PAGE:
The shelf life of pasteurized milk is largely dependent on the number of PPCs and storage temperature (e.g. Muir, 1996). Muir (1996) has described a simple equation (equation 1) relating the number of number of PPCs and storage temperature to shelf life of pasteurised milk.

Equation 1. Shelf life (h)={0.00621*(T+273-(269.55-0.74))*(CFC15)-0.11 x ( CFC15) x 2} -2.

Where T = storage temperature in °K; CFC15, =log10 count after pre-incubation of pasteurized milk at 15°C for 24 hours enumeration on milk agar containing a selective supplement for pseudomonads called cetrimide-fucidincephaloridine (CFC).

Muir (1996) has explained that the equation can predict shelf life at storage temperatures between 6°C and 14°C to within 1 day for between 60 and 90% of samples. The accuracy of the equation has been reported to increase as the storage temperature of the pasteurized milk increases.

Go to Shelf Life of Pasteurized Milk Calculator .



Literature cited
Muir, D.D. (1996) The shelf-life of dairy products: 2. Raw milk and fresh products. Journal of the Society of Dairy Technology. 49, 44-48.


How to cite this article

Mullan, W.M.A. (2015). [On-line]. Available from: https://www.dairyscience.info/index.php/cheese-starters/209-articles.html?start=40 . Accessed: 11 December, 2019.  

DRAFT ARTICLE

This article is available On Line to enable editing. Its draft status is scheduled to be removed by September, 2015. In the meantime comments are invited from scientists and technologists familiar with the subject area to help improve this article. I wish to acknowledge the generous comments and advice received from workers in this area. As a result of the feedback I will include more information about the principles behind modelling bacterial growth and the limitations of models.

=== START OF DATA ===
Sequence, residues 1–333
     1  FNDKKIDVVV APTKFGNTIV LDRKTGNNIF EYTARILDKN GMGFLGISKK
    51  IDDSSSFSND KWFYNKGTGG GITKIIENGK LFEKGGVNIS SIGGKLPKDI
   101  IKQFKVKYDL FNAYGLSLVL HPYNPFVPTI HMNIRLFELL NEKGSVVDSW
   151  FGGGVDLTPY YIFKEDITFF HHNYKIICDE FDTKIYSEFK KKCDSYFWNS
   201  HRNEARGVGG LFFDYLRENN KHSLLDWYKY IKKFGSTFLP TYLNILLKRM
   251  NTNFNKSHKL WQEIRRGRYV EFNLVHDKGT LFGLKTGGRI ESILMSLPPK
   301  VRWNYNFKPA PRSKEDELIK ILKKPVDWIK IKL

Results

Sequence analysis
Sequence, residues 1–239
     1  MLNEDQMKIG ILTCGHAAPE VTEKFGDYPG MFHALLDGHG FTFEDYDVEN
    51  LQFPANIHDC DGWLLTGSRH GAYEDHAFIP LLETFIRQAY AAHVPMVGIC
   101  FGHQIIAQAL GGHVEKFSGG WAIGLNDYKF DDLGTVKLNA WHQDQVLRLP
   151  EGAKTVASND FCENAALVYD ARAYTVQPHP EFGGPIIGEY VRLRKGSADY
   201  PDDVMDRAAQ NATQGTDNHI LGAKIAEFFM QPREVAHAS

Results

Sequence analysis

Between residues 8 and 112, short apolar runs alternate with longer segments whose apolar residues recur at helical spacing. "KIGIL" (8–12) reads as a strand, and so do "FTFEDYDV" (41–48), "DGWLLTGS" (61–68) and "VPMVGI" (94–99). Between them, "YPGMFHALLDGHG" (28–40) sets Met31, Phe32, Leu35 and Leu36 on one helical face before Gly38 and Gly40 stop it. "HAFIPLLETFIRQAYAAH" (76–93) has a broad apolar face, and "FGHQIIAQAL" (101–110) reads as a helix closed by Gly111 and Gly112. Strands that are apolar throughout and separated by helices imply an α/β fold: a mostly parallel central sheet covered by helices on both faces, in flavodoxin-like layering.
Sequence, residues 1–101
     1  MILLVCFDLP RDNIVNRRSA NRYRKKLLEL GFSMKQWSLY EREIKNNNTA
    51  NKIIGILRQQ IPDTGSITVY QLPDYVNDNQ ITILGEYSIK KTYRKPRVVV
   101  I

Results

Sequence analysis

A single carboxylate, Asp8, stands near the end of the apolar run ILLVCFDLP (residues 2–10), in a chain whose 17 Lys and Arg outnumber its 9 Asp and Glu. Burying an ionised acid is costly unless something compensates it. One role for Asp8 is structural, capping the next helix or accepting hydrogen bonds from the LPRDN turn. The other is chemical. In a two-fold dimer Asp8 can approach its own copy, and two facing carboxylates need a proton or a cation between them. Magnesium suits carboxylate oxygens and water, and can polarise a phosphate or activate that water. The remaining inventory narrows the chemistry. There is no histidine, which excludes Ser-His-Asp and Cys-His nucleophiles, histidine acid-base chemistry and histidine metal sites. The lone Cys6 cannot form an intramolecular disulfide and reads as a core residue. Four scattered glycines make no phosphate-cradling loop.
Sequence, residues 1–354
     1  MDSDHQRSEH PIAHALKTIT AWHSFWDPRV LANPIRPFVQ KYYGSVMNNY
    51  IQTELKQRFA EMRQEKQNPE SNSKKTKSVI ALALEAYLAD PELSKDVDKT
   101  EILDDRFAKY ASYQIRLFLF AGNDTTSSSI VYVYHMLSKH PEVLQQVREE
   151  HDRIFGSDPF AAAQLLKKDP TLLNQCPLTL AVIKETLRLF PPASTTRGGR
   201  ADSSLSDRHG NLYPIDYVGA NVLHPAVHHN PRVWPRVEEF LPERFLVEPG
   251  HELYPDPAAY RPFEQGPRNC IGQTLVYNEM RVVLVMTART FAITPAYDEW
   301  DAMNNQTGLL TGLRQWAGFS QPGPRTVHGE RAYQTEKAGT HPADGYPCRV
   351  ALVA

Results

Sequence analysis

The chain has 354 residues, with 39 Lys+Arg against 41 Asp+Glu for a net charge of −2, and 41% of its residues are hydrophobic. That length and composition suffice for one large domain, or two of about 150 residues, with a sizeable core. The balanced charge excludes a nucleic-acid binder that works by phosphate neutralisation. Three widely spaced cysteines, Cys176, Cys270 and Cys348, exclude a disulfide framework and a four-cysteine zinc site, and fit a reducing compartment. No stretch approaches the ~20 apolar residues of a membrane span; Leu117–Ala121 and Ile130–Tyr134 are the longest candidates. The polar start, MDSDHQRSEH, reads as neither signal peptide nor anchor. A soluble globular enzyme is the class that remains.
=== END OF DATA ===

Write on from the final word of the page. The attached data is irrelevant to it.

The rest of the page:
Considerable effort has been devoted to modelling the growth of pathogenic and spoilage bacteria in food. This is referred to as predictive microbiology. Mathematical equations are used to describe the effect of environment, for example temperature, or in more complex models temperature, pH, available water (Aw) and other factors that affect microbial behaviour.

The advantages of modelling have been described in the article on "Modelling in Food Technology" including reducing the costs and time required in determining the safe shelf life of new products or in undertaking pathogen challenge testing. However, caution and scientific expertise are required e.g. the Food Safety Authority of Ireland (2012) has cautioned the food industry on the use of predictive models.

The purpose of this article and supporting material is to illustrate how published research in predictive microbiology can be used in practice. This is an area in which Food Science and Food Technology undergraduates sometimes find difficulty. Part of the difficulty may exist because the steps in the calculations involved are not usually presented.

This article describes a model for the growth of salmonella on cut tomatoes and a calculator where you can enter the initial numbers of salmonella, the incubation temperature and the incubation time to obtain a prediction of final numbers.

Modelling microbial growth

Because of the critical importance of temperature early work attempted to modify the Arrhenius Law to describe microbial growth but this was either unsuccessful or the relationships derived were generally too complex for routine use. In a classic paper, Australian workers (Ratkowsky et al., 1982) proposed a relatively simple, two–factor empirical equation (equation 1) to describe the influence of temperature on microbial growth up to the maximum growth temperature of an organism, Tmax.  This is often called the square root model.

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Many students have problems in understanding the mathematics describing the destruction of microorganisms by heat. Log reductions of pathogens and equivalent time-temperature treatments along with the associated lethalities account for a large part of the harder to understand topics. The quiz below is a simple test of of some of the basic concepts. Note Z value is not dealt with in this quiz. If there is sufficient interest I will provide the answers.

Heat Processing Quiz